This study was conducted to explore the interrelationships between students' scientific epistemological beliefs, preferences for constructivist learning environments and their cognitive structures, with applications of the improvement of science teaching. Through analyzing 48 Taiwanese junior high school students' questionnaire responses and recalled scientific information about a treatment lesson for the atomic model, the following statistically significant findings were found. In general, students having epistemological beliefs more oriented to constructivist views of science tended to show more preferences for constructivist learning environments. Moreover, students' science achievement was correlated with most of the students' cognitive structure outcomes; however, their scientific epistemological beliefs and their learning preferences were also significantly related to the structure of knowledge recall, following listening to a replay of their prior elicited recall. It was found that students holding more constructivist-oriented views about science tended to recall more information, as well as show more richness, more flexibility, and a higher precision of knowledge recall, indicating they had a better metacognitive ability when reconstructing their ideas. Moreover, constructivist-oriented students employed more conditional inferential reasoning in their recalled information than those having more empiricist-aligned epistemological beliefs. Students showing more preferences for autonomy or discovery types of learning activities tended to organize scientific information in a more integrated way, while students who believed that learning was a process of personal interpretation, knowledge construction and problem solving tended to have a slower information retrieval rate, perhaps indicating a deeper processing of information. A qualitative analysis through interviewing some selected information-rich students also revealed that constructivist-oriented students tended to actually learn through constructivist-oriented instructional activities, employ a more active manner and meaningful strategies when learning science, whereas empiricist-oriented students tended to use more rote-like strategies to enhance their understanding. Constructivist-oriented subjects tended to have more pragmatic views about the value of science and they were mainly motivated by their interest and curiosity about science, whereas empiricist-aligned subjects were mainly motivated by performance on examinations.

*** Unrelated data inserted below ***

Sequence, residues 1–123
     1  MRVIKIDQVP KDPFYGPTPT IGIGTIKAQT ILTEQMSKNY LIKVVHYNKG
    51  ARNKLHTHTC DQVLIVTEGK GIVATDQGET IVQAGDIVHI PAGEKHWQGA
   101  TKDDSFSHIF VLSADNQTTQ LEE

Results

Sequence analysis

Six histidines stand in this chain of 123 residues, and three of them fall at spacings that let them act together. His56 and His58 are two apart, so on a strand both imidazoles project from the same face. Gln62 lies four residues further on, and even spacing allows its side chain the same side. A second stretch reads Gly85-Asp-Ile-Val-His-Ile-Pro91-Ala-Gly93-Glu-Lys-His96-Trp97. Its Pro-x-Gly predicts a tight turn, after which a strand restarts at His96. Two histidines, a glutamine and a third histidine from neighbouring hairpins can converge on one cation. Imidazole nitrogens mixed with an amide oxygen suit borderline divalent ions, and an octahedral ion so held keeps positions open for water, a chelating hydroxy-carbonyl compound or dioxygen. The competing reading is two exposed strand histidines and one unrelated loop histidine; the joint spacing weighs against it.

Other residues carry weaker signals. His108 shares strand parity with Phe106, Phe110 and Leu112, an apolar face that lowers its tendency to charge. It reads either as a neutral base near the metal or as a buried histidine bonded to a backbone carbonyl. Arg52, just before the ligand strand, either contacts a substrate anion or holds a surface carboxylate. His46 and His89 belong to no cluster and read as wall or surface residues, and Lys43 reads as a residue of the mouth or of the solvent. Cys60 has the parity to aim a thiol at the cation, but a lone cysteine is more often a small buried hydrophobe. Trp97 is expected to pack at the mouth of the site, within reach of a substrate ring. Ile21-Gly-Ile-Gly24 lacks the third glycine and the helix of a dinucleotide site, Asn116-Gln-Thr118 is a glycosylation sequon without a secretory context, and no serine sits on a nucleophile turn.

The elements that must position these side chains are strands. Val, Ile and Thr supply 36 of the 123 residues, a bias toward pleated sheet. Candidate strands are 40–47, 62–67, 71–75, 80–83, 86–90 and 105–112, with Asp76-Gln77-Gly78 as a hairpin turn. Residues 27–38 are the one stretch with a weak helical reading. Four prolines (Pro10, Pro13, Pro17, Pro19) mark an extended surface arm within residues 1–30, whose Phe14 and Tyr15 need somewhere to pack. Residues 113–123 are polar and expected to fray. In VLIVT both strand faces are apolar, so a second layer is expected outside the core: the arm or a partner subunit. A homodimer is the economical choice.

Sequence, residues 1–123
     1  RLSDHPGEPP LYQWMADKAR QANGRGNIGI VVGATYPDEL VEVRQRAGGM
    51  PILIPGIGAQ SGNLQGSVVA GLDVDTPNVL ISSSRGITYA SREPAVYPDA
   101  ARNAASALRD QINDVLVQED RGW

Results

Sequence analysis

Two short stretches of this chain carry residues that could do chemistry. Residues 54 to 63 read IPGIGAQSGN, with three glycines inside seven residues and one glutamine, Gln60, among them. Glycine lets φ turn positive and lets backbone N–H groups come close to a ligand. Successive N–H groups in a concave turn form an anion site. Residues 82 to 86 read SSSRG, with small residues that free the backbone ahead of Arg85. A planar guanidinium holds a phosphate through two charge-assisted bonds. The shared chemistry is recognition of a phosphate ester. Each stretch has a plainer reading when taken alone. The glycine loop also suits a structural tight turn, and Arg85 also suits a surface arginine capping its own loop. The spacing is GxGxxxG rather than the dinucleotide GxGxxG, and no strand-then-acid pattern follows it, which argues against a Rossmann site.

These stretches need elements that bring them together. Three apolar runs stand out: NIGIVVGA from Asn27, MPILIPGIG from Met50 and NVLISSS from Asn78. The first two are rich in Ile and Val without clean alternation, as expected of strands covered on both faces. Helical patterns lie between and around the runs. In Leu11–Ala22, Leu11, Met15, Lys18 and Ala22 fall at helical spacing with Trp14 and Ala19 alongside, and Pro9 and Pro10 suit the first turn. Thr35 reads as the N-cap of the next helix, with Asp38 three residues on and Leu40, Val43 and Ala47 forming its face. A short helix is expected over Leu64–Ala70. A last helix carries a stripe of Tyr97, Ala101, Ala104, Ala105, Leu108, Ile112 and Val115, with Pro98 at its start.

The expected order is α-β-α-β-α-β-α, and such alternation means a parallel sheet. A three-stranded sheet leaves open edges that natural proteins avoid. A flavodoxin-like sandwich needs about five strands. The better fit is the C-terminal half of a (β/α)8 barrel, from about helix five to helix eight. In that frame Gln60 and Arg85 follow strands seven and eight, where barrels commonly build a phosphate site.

|出版狀態||已發佈 - 1996|